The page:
Why I Don’t Post My Work in Online Photography Groups

So before I start talking about this, let me say that I’m not criticizing people who put their work in these groups.  This is just why I don’t and this works for me.

I’m part of 3 or 4 photography groups on social media and most of them I joined when I was a newbie photog.  I think these groups are a good thing because sometimes there are business and marketing questions that get discussed and info like that is always helpful.  I used to post my work on occasion but over the last couple of years I’ve stopped.  Here’s why:

  1. I found myself fishing for likes.  Validation has this power over us that can make us go crazy.  We can start to equate the number of likes we get to how good we are.  I can’t tell you how many times I’ve seen a horribly done photo that had TONS of likes probably due to the fact that someone with lots of friends was tagged in it or it had some horrible filter or edit that someone thought was cool.  Also, likes don’t equal income so, who cares? 
  2. I started comparing myself.  This is the worst thing you can do to yourself as an artist.  Listen to me.  You are you!  You have your own ideas.  Maybe you haven’t found your niche yet but copying someone’s style or thinking theirs is better isn’t helping you grow.  Find what works for you and make that your brand.  Some people will like it and some won’t.  Those that don’t aren’t your problem.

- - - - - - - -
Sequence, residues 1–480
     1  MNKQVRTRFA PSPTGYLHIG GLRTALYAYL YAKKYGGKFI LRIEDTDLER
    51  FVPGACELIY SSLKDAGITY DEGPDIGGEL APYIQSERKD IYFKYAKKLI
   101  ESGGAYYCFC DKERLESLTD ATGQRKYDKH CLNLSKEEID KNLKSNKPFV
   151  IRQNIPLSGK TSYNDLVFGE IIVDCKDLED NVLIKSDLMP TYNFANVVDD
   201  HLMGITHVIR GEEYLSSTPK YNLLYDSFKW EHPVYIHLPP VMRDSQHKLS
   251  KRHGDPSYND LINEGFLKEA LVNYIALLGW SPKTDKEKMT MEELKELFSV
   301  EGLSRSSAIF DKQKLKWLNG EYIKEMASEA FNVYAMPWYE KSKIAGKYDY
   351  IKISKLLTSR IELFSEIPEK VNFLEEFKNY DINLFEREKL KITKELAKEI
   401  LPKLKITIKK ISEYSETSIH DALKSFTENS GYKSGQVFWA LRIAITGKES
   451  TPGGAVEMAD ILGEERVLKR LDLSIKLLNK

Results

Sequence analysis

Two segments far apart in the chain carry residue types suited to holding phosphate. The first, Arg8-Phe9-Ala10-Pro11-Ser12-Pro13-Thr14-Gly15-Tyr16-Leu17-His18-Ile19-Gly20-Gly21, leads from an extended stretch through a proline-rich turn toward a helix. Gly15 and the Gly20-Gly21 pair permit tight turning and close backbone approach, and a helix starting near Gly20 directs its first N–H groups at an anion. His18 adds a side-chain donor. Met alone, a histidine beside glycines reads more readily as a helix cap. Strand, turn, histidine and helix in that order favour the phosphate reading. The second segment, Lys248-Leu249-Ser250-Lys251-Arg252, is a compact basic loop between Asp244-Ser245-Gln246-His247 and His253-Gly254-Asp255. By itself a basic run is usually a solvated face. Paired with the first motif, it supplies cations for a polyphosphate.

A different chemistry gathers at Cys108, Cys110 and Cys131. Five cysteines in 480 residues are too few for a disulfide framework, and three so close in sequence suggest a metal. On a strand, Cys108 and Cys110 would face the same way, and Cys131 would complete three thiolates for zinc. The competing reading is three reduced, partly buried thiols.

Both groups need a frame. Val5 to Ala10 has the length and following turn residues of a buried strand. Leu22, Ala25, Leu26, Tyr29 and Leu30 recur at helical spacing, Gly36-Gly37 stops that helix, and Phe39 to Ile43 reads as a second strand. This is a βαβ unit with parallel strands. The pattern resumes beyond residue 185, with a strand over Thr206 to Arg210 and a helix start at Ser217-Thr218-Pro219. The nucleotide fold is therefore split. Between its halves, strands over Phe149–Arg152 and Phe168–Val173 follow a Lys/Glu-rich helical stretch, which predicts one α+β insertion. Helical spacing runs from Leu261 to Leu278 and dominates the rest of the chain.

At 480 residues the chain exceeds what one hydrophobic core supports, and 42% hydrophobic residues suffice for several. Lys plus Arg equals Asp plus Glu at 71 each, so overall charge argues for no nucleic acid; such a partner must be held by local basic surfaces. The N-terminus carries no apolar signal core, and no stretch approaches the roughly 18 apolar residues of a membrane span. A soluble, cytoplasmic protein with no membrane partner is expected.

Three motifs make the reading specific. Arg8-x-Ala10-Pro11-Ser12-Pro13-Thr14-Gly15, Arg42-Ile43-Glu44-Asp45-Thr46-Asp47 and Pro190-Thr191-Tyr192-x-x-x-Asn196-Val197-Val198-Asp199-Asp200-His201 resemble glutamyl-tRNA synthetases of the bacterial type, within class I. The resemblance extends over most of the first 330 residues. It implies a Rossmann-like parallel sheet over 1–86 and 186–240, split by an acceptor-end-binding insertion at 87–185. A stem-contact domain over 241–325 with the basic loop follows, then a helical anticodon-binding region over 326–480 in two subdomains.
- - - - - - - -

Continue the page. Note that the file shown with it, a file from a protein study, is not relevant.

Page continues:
3. Picture thieves.  I know this isn’t exclusive to photography groups and this happens almost every second of the day.  It’s the nature of the internet.  Thankfully I’ve never had this happen personally but I find it the absolute worst that this happens in groups where we’re all supposed to be supporting each other.  It doesn’t matter if your water mark is there or not, the good ones know how to clone that right out. 
  4. I realized I was sharing my work with the wrong people.  If you want constructive criticism, save up some $$ and go to a portfolio review or find someone in your niche industry and reach out to them.  I reached out to my old photography professor from college.  I sent the photos via email and we spoke briefly over the phone in between his classes and he broke it down for me.  Was some of it hard to hear? Yes.  Was it helpful? Absolutely.  It was the truth along with what to do to improve.  And I still think about what he said during every shoot I have.  And the best part was no trolling!  80% of the time when you ask for constructive criticism, you’re not going to get what you think.  Also, tones get misconstrued, feelings get hurt, and you’re left feeling defeated instead of inspired.  

*steps off soap box*

The hustle is hard.  This industry is super competitive.  You need to stand out and sometimes in those groups, you can start to blend in. 

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